Mockery

The treatment Jesus received from the Jewish religious leaders and Roman government officials made a mockery of the fact that he was not only the Savior of the world, but the Creator of the universe. It says in Mark 14:65 that after Jesus was accused of blasphemy, some of the Jewish counsel “began to spit on him, and to cover his face, and to buffet him, and to say unto him, Prophesy: and the servants did strike him with the palms of their hands.” At one point, a crown of thorns was fastened to Jesus’ skull in order to mock him about the title the Roman governor, Pilate had assigned to him, “King of the Jews” (Mark 15:18). Matthew’s description of the incident stated:

Then the soldiers of the governor took Jesus into the common hall, and gathered unto him the whole band of soldiers. And they stripped him, and put on him a scarlet robe. And when they had platted a crown of thorns, they put it upon his head, and a reed in his right hand: and they bowed the knee before him, and mocked him, saying, Hail, King of the Jews! And they spit upon him, and took the reed, and smote him on the head. And after they had mocked him, they took the robe off him, and put his own raiment on him, and led him away to crucify him. (Matthew 27:27-31)

The two Greek words that are translated mocked in this passage of scripture, en (G1722)and paizo (paheed´-zo) (G3815), suggest that the Roman soldiers were bullying Jesus, treating him as if he were a child on a playground that they could easily take advantage of. An interesting thing to note about this situation was that Jesus had previously told Peter in the garden of Gethsemane to put away his sword and said, “Do you think that I cannot appeal to my Father, and he will at once send me more than twelve legions of angels?” (Matthew 26:53, ESV).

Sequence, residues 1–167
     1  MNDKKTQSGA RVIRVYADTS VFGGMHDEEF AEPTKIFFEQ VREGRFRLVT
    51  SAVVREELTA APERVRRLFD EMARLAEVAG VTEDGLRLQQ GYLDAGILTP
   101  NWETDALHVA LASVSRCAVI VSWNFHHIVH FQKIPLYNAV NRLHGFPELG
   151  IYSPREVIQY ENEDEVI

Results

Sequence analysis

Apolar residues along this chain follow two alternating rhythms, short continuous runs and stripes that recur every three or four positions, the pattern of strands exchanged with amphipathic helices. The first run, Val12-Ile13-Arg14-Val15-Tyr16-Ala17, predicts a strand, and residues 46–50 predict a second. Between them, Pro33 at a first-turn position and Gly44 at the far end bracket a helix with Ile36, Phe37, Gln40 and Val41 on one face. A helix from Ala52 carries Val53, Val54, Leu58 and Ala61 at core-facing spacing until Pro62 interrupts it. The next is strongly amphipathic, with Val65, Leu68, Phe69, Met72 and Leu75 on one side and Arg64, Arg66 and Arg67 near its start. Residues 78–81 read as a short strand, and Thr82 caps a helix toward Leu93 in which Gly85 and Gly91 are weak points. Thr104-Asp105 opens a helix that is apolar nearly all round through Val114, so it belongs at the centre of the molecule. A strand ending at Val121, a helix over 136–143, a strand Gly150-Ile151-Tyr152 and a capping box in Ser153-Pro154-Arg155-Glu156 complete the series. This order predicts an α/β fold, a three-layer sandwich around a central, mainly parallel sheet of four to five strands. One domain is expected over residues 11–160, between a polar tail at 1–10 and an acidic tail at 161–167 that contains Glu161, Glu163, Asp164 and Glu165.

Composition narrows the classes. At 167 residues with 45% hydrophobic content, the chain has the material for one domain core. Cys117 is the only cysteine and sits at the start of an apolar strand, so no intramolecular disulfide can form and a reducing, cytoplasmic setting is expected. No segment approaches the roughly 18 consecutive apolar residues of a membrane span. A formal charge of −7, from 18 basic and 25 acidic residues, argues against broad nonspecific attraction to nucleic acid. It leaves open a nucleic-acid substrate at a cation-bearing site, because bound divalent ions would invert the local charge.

The apparent disadvantage Jesus had in dealing with the Roman soldiers was not because he lacked physical or spiritual resources. Jesus intentionally allowed himself to be mocked and tortured because it was necessary for him to do so in order to fulfill his role as Israel’s Messiah. In his final conversation with Jesus, Pilate indicated he was willing to release Jesus if he would cooperate with his interrogation (John 19:10). It was only because Jesus refused to answer his questions and the Jews insisted on his crucifixion that Pilate decided to wash his hands of the matter and do what the people wanted him to. According to John’s gospel, it was the day of Preparation of the Passover and it was about the sixth hour” when Pilate said to the Jews, “Behold your King!” (John 19:14). Then, they cried out, “Away with him, away with him, crucify him…So he delivered him over to them to be crucified” (John 19:15-16).

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